These investors acknowledge that it’s hard for any one individual to have too much of an impact. The thinking, though, is that cumulatively investors could make a difference. Here’s how that might work: If more investors choose to buy a company’s stock, that can push up its share price. That could benefit the company in a few ways: It could issue more shares at that higher price. Or it could use its higher-priced shares to issue more stock-based compensation to employees. Either way, a higher share price is almost always a good thing for companies. On the other hand, if enough investors shun a company’s stock, that can put downward pressure on the shares and thus deprive a company of these same benefits.

Those, at least, are the textbook arguments. Because the investment universe is so large and diverse, it’s difficult to know if any ESG-driven investments have ever made, or could make, a difference. That is, in part, because it’s difficult to know the counterfactual: How much higher or lower would a company’s share price be in the absence of ESG investors?

2. What investment options exist? Perhaps the biggest challenge with ESG investing is that it means different things to different people. The acronym itself, in fact, illustrates the diversity of objectives among investors. A good example is Apple. Some ESG investors like the company because it’s very charitable. But Apple frustrates environmentalists because its products don’t have replaceable batteries. Result: It’s impossible to say whether Apple is a “good” company or a “bad” one. It’s in the eye of the beholder.

Gun makers present a similar problem. They’re generally seen as unattractive by ESG investors. But a recent article made an interesting counterargument: Weapons manufacturers also help countries—like Ukraine—to defend themselves. Because of that, perhaps ESG investors should embrace them.

The bottom line: If you’re looking to apply an ESG lens when choosing mutual funds, it’s critical to first decide on your objectives. Next, look closely at each fund to see exactly what companies it owns and how you feel about the lineup. Fortunately, there’s a great diversity of ESG funds out there. If you don’t like the way one mutual fund chooses its holdings, it’s possible that another will be a better fit.

I can’t emphasize enough that it’s important to look under the hood before choosing an investment. For example, Standard & Poor’s, in a seemingly inexplicable move, recently took Tesla—the leading maker of electric cars—out of its ESG index. That means you won’t find Tesla’s stock in funds like State Street’s S&P 500 ESG fund (symbol: EFIV). But you will find that Tesla is one of the largest holdings in the iShares ESG Aware USA Stock ETF (ESGU). That’s because iShares uses a different index.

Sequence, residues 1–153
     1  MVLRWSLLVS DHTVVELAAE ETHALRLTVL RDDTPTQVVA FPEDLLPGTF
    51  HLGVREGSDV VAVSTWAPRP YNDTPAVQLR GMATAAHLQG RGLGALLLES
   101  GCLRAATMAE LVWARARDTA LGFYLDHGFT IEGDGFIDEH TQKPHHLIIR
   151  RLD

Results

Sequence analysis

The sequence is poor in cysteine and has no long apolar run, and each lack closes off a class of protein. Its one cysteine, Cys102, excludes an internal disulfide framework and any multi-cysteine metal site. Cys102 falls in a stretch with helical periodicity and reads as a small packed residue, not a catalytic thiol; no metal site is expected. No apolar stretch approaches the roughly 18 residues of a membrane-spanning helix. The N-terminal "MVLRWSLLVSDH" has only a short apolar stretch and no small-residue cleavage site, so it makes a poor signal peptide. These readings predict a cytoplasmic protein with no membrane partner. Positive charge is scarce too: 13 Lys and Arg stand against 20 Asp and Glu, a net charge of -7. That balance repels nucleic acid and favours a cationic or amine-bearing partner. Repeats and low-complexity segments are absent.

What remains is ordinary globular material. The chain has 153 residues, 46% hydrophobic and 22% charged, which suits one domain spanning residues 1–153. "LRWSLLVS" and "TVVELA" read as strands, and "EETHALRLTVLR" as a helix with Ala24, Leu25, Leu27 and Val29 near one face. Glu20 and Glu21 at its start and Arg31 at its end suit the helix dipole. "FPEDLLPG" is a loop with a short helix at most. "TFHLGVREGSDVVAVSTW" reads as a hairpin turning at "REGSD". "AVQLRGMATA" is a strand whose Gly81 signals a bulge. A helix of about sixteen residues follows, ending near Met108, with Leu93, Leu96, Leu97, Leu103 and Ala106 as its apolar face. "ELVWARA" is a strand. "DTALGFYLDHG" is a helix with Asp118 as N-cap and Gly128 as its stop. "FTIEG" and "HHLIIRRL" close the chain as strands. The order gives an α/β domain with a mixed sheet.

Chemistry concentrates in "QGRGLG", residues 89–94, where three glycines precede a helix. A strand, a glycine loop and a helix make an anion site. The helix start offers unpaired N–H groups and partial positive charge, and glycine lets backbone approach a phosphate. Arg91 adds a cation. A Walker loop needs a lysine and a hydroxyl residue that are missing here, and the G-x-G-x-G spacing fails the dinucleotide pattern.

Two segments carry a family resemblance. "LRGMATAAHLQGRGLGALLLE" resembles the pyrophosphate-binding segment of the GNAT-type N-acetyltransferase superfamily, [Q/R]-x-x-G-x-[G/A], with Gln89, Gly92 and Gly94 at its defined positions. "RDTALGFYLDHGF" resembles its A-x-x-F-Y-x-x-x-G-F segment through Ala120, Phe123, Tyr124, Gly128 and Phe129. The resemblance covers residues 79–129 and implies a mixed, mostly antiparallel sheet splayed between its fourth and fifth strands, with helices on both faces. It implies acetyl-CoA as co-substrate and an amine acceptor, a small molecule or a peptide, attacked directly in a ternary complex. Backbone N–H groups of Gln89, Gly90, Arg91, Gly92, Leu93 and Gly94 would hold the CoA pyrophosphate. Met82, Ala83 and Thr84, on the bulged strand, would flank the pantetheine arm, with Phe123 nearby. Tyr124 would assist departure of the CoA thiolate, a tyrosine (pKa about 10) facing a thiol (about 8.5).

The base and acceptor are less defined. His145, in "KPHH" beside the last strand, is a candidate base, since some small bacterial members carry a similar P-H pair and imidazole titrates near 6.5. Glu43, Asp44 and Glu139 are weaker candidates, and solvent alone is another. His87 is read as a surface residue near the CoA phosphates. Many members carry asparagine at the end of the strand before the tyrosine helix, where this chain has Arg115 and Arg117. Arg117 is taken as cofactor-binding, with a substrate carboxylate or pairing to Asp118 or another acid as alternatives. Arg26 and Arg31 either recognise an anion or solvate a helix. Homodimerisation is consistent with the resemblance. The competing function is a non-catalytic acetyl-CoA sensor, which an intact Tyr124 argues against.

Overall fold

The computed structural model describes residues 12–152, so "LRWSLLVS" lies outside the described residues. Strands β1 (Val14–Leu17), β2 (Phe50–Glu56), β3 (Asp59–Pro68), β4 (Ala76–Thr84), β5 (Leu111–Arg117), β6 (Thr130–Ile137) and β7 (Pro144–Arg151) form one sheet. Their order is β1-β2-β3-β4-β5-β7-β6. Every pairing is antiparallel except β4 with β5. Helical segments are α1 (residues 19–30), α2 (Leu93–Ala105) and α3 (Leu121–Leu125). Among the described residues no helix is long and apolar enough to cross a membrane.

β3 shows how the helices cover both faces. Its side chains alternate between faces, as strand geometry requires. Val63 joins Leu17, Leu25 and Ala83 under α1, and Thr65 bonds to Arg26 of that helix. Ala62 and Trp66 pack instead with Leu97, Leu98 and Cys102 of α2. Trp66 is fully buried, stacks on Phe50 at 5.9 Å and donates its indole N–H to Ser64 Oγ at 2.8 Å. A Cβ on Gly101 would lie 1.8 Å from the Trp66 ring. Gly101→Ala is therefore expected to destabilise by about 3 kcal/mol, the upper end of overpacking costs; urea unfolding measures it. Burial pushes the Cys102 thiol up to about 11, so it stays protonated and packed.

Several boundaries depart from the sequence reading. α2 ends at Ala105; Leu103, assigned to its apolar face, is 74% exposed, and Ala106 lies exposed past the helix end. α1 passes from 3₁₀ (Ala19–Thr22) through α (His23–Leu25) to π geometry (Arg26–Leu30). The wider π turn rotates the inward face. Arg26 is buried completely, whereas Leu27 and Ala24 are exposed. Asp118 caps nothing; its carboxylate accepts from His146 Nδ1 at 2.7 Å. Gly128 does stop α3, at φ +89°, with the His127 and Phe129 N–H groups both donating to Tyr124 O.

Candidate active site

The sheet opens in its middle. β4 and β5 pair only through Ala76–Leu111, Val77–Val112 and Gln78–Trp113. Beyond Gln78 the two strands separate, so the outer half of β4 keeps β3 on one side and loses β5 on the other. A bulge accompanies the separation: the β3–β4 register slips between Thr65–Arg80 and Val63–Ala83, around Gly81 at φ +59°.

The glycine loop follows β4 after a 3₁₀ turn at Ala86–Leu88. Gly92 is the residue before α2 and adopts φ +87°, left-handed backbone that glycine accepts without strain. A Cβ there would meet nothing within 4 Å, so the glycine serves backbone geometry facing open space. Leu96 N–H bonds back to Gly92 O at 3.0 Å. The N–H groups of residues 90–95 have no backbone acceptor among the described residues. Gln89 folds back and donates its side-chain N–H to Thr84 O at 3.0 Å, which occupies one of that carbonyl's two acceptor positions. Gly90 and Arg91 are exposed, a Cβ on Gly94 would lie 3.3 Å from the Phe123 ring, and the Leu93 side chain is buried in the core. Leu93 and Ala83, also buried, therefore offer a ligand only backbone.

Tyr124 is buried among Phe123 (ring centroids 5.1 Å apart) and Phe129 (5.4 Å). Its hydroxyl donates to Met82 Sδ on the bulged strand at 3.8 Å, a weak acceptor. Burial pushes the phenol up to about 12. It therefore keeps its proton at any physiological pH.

3. Is performance a concern? To the extent that ESG-based portfolios differ from traditional market indexes, their performance will also differ. Will it be better or worse? That’s an open question. There just isn’t enough data yet to say for sure. Indeed, because there are so many different definitions of ESG, it may never be possible to generalize. But it stands to reason that their performance will almost certainly differ from traditional market benchmarks. As an ESG investor, it’s important to decide how much of a risk this represents.

4. Is complexity a concern? In general, there are three routes to building an ESG portfolio. First, you could pick individual stocks. That would give you the most control over what you own. But I don’t recommend this because of the research required to build and maintain a portfolio, and because of the risk posed by individual stocks.

The second option: You could choose a mutual fund or ETF. That’s certainly the simplest approach. But as I’ve suggested, it can be challenging to find a fund that perfectly matches your values.

Finally, you could go the route of direct indexing. This would allow you to perfectly tailor a portfolio to your own preferences, including or excluding certain industries or even specific companies. There are downsides, though. Holding a portfolio of several hundred stocks introduces complexity. Also, these services are fairly expensive relative to simple index funds, though that may be offset if direct indexing results in lower annual tax bills.

Adam M. Grossman is the founder of Mayport, a fixed-fee wealth management firm. Sign up for Adam’s Daily Ideas email, follow him on Twitter @AdamMGrossman and check out his earlier articles.